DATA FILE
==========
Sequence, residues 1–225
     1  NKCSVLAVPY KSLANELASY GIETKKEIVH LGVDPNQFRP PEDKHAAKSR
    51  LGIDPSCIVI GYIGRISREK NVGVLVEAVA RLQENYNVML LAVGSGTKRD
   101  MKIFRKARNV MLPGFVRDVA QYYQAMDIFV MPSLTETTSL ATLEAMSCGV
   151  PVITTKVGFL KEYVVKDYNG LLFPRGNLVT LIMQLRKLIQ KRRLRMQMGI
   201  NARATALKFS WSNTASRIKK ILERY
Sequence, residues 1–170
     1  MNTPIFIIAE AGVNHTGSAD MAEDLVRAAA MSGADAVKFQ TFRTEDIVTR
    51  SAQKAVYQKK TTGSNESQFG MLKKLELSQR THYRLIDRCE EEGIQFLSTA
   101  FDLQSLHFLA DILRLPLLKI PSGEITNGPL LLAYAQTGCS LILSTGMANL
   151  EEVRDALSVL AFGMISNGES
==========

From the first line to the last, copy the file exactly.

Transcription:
Sequence, residues 1–225
     1  NKCSVLAVPY KSLANELASY GIETKKEIVH LGVDPNQFRP PEDKHAAKSR
    51  LGIDPSCIVI GYIGRISREK NVGVLVEAVA RLQENYNVML LAVGSGTKRD
   101  MKIFRKARNV MLPGFVRDVA QYYQAMDIFV MPSLTETTSL ATLEAMSCGV
   151  PVITTKVGFL KEYVVKDYNG LLFPRGNLVT LIMQLRKLIQ KRRLRMQMGI
   201  NARATALKFS WSNTASRIKK ILERY
Sequence, residues 1–170
     1  MNTPIFIIAE AGVNHTGSAD MAEDLVRAAA MSGADAVKFQ TFRTEDIVTR
    51  SAQKAVYQKK TTGSNESQFG MLKKLELSQR THYRLIDRCE EEGIQFLSTA
   101  FDLQSLHFLA DILRLPLLKI PSGEITNGPL LLAYAQTGCS LILSTGMANL
   151  EEVRDALSVL AFGMISNGES